Highly likely we see an expedient implementation of the agreements reached during the visit of Lukashenko to Beijing.
On April 24 at 13:02 (UTC), an Airbus A330-343 plane of Air China airlines with registration number B-5957 took off from Beijing on flight CA721/CCA721. The plane should have landed at Minsk National Airport (MSQ) at 17:20 (Minsk time), but arrived a little earlier — at 16:41. It should be noted that the CA721 flight is regular and arrives in Minsk on Mondays and Fridays. Additional confirmation is that this flight was in the schedule of arrivals on the website of the Minsk airport.
According to our data, MSQ staff received a telegram with a list of passengers, including the following citizens of China:
“Chen Yuhong minister of army, Zhang Zhongyang vice minister of aerospace science and technology, Liu Sen minister of air force.”
It is immediately notable that the data received by the MSQ indicates that the officials of the Chinese ministries arrived in Belarus — judging by the text, the Ministry of Defense and the Chinese Air Force. However, the search showed that other people hold these positions in the Chinese government.
Nevertheless, we still managed to find people with the names mentioned and we may assume that they arrived in Belarus: Zhang Zhongyang (张忠阳) — general manager of the China Aerospace Science and Technology Corporation; Chen Yuhong (陈宇红) — CEO of the Chinasoft International company;
Liu Sen (Sen Liu) — PhD in the University of Science and Technology of China.
Unlike the latter, the certainty that the first two people were on board is a little higher. But, nevertheless, we should note once again that we assume, rather than state, that it was these people who arrived in Belarus. In addition, as of 17:30 on April 24, propaganda has not yet reported on the visit of these Chinese citizens to Belarus.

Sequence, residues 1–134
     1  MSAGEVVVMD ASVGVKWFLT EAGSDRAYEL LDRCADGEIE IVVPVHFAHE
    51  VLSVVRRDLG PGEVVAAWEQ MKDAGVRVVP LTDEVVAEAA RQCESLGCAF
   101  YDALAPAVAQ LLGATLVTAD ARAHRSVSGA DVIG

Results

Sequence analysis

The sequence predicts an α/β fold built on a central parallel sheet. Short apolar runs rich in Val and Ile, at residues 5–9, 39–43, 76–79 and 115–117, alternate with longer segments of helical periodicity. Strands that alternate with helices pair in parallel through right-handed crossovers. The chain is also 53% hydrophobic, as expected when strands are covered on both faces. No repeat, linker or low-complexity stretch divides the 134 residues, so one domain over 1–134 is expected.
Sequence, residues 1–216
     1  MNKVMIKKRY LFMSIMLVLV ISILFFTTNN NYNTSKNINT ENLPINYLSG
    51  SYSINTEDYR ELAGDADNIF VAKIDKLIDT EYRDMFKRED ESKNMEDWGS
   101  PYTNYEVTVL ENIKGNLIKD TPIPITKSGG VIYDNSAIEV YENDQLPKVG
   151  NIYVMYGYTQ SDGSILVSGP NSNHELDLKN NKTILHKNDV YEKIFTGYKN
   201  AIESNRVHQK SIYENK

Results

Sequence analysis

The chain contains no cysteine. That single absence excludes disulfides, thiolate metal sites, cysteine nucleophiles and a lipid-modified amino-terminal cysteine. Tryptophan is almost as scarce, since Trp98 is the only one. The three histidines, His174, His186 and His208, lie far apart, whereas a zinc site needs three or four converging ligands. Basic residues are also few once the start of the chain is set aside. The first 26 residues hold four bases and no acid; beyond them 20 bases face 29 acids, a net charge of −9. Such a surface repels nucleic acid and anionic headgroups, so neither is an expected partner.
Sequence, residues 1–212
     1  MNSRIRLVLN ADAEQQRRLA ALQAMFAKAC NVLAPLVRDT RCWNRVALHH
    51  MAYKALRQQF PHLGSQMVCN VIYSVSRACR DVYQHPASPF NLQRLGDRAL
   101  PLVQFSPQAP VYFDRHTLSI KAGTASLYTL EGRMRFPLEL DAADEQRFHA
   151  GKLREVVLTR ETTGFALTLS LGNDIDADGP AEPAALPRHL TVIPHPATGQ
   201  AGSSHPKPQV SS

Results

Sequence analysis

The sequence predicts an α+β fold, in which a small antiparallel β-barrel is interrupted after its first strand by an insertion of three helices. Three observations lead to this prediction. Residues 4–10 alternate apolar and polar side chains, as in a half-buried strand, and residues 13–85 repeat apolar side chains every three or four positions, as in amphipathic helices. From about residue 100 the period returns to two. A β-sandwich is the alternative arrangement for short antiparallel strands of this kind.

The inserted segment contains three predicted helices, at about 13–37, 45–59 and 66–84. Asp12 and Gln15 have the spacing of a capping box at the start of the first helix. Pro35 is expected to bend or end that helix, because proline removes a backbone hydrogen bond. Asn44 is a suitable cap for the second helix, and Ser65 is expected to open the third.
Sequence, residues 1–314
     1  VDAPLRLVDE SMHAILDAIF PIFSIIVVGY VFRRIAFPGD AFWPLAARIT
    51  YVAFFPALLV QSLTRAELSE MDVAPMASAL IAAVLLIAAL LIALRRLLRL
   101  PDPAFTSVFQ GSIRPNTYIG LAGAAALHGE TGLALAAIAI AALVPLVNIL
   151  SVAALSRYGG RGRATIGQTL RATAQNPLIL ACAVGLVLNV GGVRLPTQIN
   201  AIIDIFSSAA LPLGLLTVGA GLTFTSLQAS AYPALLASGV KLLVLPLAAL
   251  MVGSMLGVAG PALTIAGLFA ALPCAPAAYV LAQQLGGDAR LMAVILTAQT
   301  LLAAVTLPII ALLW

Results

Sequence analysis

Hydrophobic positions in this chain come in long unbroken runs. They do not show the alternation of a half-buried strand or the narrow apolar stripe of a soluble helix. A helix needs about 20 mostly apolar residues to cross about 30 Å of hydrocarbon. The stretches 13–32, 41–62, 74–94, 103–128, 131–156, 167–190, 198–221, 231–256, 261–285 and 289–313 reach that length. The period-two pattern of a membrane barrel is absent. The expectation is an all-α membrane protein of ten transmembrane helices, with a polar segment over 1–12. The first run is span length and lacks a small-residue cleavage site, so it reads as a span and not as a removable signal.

Zhang Zhongyang mentioned above is the CEO of the China Aerospace Science and Technology Corporation (CASC), which, according to public records, is the main contractor for the Chinese space program and is one of the 10 largest corporations in China’s military-industrial complex.
We should also note that this company manufactures the following products: solid-propellant and liquid-propellant launch vehicles, solid-propellant and liquid-propellant missile engines, orbital space stations, the Tianwen-1 robotic spacecraft, Zhurong Mars rover, weather satellites, communications satellites, Beidou satellite navigation system, seismic and electromagnetic monitoring satellites, intercontinental ballistic missiles, medium-range ballistic missiles and various unmanned aerial vehicles.
Now, as for Chinasoft International and its CEO Chen Yuhong. The company develops software and, judging by their website, also develops cloud solutions, as well as big data. In addition, the company is also one of Huawei’s key partners. In 2019, they jointly developed and presented an intelligent solution for dealing with financial big data.
The close connection between these companies is evidenced by another fact. In 2018, the U.S. Department of Justice launched an investigation into Huawei Technologies Co Ltd, followed by the biggest one-day drop in shares of Chinasoft International in 10 years. At the same time, the company stated that Huawei, the world’s largest telecommunications network equipment manufacturer and the third largest smartphone supplier, was their key customer.
Chen Yuhong, the chairman of Chinasoft mentioned above, stated, “After careful assessment by the company’s management, it has no significant impact on the business of the company for the time being.”
Among other things, we can note that in 2019, Chinasoft International and Huawei announced that they would jointly build an Artificial Intelligence Innovation Center in Chongqing, southwest China. They would also develop an ecosystem based on Huawei’s Kunpeng central processing unit, Chinasoft announced at that time.
Highly likely we see an expedient implementation of the agreements reached during the visit of Lukashenko to Beijing. According to our information, these agreements were related to cooperation in military production, dual use technologies and IT. Those include possible production of microchips of dual use and drone parts. Our source also claimed that the agreements were de-facto tri-lateral and included Russia as a third party.